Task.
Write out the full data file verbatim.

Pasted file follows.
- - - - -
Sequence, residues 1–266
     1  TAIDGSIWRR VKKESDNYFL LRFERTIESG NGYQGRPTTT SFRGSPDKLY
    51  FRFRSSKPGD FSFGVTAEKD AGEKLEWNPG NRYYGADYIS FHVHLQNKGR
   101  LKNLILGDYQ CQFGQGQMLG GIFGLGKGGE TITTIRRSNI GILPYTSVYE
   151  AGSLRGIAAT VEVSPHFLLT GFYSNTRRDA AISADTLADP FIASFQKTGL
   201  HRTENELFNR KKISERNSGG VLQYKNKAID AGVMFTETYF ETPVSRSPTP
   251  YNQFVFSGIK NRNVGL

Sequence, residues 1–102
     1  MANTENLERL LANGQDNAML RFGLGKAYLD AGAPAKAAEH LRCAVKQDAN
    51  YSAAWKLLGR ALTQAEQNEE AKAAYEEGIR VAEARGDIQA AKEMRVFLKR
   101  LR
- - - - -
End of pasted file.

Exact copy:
Sequence, residues 1–266
     1  TAIDGSIWRR VKKESDNYFL LRFERTIESG NGYQGRPTTT SFRGSPDKLY
    51  FRFRSSKPGD FSFGVTAEKD AGEKLEWNPG NRYYGADYIS FHVHLQNKGR
   101  LKNLILGDYQ CQFGQGQMLG GIFGLGKGGE TITTIRRSNI GILPYTSVYE
   151  AGSLRGIAAT VEVSPHFLLT GFYSNTRRDA AISADTLADP FIASFQKTGL
   201  HRTENELFNR KKISERNSGG VLQYKNKAID AGVMFTETYF ETPVSRSPTP
   251  YNQFVFSGIK NRNVGL

Sequence, residues 1–102
     1  MANTENLERL LANGQDNAML RFGLGKAYLD AGAPAKAAEH LRCAVKQDAN
    51  YSAAWKLLGR ALTQAEQNEE AKAAYEEGIR VAEARGDIQA AKEMRVFLKR
   101  LR